By Ann Friou
University News Service
September 19, 2011
Accurate estimations of age at death are essential to law enforcement in the identification of human skeletal remains, but in complicated cases decomposition and other factors can create uncertainty in the estimate.
In those cases, forensic anthropologists must employ more than one scientific method for determining age at death, each of which may yield a different estimate. Until now, there has been no standardized way to combine the results of several methods to arrive at a single, confident estimate.
Under a $ $417,595 grant from the National Institutes of Justice, forensic anthropologist Danny Wescott of Texas State University-San Marcos will spend the next two years developing a standardized, easy-to-use method for determining age at death based on multiple criteria. Wescott is director of the Forensic Anthropology Center at Texas State (FACTS), which oversees the largest forensic anthropology research and training facility in the United States. Research done at FACTS and at its 26-acre outdoor lab by faculty and graduate students provides new information on the processes of human decomposition—information that assists law enforcement in identifying human bodies and establishing the time and nature of death.
Until now, forensic anthropologists typically have determined age at death by using one or more of the methods developed for collecting information from different regions of the skeleton known to change in predictable ways as a person ages. None of the methods is capable of producing an accurate estimate in every case, however, because of genetic variation, environmental factors, diet, disease, activity levels and the decomposition process. As Wescott explained, forensic anthropologists need a “multi-factorial method” that combines information from different parts of the skeleton and that accounts for inaccuracy in each of the methods, to produce a single, accurate estimate of age at death. Currently, no standardized guidelines exist for taking variables into consideration, and forensic anthropologists often have to rely on their personal experience, rather than on statistical information, to produce an estimate of age at death.
“A number of variables create uncertainty in age-at-death estimations,” Wescott said. “These variables can include the quality of bone, the appropriateness of the investigative method for the target age group, and observer error. Currently, there are no ‘best practice’ guidelines in forensic anthropology for combining the results of multiple age-determining methods for a single skeleton, to produce a confident estimate. What we need is a standardized method that can produce an accurate estimation of age-at-death in every case.”
Wescott and three colleagues from Mississippi State University and the University of Missouri recently produced a new method for estimating age at death, which Wescott says has several advantages over current methods.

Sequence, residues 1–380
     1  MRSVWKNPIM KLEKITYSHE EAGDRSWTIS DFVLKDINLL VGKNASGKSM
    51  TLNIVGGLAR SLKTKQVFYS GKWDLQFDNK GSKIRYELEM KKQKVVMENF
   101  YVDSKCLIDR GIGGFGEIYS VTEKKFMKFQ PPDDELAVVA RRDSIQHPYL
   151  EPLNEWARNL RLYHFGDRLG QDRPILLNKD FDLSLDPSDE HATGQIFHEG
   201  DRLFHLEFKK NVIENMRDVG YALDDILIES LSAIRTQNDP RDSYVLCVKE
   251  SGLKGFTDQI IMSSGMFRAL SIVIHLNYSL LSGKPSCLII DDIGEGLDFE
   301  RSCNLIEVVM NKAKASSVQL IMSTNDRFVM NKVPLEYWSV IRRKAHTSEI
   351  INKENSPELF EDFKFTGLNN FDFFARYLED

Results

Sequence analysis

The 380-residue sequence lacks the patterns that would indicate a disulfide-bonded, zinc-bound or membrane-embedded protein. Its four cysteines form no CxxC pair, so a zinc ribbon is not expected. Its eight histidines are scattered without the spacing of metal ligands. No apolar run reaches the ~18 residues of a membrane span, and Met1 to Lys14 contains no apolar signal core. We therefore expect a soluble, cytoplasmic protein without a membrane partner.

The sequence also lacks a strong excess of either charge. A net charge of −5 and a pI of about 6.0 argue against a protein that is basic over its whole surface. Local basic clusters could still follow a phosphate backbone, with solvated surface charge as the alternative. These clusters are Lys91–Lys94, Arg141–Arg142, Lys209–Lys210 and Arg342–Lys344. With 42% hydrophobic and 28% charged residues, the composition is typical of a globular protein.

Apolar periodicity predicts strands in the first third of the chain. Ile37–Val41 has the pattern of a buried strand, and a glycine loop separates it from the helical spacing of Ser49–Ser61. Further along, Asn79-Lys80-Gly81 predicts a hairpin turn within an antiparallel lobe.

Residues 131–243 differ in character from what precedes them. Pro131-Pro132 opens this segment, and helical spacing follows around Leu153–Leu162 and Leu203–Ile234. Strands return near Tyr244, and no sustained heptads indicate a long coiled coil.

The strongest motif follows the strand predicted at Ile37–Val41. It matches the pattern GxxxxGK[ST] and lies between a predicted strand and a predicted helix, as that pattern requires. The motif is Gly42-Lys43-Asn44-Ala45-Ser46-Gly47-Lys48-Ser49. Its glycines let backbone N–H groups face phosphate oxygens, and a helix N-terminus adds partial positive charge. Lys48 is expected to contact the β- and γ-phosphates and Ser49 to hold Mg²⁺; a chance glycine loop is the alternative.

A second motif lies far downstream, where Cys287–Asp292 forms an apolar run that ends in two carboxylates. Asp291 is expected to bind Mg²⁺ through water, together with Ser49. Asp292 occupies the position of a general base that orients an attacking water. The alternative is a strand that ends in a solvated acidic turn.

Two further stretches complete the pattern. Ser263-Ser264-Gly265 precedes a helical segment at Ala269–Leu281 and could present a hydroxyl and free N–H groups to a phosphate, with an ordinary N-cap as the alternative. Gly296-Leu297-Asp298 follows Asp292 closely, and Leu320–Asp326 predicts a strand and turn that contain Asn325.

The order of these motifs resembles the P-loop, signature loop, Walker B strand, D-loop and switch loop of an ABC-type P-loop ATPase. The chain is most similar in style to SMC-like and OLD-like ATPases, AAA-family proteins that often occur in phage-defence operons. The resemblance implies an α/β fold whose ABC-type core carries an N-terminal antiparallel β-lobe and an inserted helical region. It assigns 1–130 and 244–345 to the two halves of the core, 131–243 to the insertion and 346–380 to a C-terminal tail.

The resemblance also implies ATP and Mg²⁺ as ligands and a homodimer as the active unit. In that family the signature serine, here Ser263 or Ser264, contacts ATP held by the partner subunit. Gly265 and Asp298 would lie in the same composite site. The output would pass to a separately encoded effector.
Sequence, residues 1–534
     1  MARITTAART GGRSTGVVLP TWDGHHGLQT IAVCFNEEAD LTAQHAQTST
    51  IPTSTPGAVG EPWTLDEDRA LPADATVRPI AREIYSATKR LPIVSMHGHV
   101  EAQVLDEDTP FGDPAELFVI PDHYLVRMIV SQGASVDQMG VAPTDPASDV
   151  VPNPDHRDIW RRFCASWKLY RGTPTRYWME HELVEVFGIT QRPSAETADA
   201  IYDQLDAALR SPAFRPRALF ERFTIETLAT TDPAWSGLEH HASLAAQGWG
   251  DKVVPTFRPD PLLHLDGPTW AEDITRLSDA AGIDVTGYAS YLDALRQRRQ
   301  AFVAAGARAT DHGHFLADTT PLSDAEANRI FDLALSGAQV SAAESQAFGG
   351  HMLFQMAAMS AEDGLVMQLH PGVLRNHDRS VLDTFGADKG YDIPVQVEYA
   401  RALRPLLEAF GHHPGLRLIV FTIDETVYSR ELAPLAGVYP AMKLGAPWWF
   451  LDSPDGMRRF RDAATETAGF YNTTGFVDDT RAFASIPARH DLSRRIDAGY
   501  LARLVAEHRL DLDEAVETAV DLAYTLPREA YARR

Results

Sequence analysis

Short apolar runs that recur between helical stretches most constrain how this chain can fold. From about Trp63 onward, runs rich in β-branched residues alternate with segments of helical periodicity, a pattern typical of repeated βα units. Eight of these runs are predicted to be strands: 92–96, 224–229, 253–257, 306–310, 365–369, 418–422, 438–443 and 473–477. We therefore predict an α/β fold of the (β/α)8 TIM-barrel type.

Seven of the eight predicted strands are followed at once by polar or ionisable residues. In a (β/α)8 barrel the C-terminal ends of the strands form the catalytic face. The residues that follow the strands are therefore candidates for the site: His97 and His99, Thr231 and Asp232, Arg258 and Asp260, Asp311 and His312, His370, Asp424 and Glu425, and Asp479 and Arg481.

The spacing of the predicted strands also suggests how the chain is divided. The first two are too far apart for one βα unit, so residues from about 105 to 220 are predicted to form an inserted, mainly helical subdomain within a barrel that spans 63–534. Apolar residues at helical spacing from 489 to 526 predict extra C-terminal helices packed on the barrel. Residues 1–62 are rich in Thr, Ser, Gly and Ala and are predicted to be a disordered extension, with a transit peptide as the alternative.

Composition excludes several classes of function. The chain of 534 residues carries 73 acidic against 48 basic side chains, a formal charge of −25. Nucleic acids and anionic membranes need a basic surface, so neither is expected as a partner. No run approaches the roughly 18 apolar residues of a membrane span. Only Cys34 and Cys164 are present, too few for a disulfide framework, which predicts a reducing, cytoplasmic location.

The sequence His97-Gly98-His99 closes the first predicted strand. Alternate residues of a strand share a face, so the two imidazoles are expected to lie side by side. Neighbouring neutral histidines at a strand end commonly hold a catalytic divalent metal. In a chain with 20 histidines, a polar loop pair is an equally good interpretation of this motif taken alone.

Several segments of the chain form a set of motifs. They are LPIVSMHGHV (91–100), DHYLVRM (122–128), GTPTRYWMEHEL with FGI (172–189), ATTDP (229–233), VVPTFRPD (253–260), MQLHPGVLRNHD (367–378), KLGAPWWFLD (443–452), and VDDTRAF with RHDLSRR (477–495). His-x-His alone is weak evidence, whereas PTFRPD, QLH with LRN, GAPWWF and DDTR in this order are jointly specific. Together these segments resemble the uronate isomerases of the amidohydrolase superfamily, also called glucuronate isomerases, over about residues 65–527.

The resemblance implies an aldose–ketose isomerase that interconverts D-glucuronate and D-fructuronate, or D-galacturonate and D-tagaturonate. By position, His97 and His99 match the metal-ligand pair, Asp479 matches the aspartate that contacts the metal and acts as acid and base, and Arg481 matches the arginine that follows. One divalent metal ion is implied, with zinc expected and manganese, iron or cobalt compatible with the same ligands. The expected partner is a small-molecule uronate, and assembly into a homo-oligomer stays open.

“Our method allows investigators to use nearly any well-established age-at-death indicator method and to fuse information about the accuracy of the method with the other variables that can cause uncertainty, to produce an accurate estimate for a single skeleton,” Wescott said.
Wescott’s method uses the Sugeno Fuzzy Integral—a mathematical tool—to produce confidence in age-at-death estimates. Fuzzy logic deals with reasoning that is approximate rather than exact. In contrast with traditional logic in which information is either true or false, fuzzy logic variables can be partially true. In Wescott’s method, truth values are established for each set of skeletal information so that, when the information sets are combined, they produce a confident outcome.
“Fuzzy logic can be used to make a complex decision when there are multiple sources of information available,” Wescott said. “Our method makes the process explicit for analyzing qualitative fuzzy sets, so that forensic anthropologists, law enforcement agents, lawyers, and other members of the medico-legal community can understand how to interpret the results.
“No other method allows for the fusion of so many kinds of skeletal information,” Wescott continued. “Our method can be used for both adult and immature skeletons, it can be customized to meet the investigator’s needs on specific cases, and it provides informative graphs and a standardized reproducible way to generate linguistic descriptions of age-at-death estimations.”
Under the NIJ grant, Wescott and his colleagues from Mississippi State University and the University of Missouri will develop a program that will allow forensic anthropologists to submit multiple indicators of age, bone quality information, and other factors, to produce a confident age-at-death estimate in graphic, numeric, and linguistic form. The NIJ grant will also provide funding for two graduate students and at least one undergraduate student at Texas State, who will assist in standardizing the procedure for general use.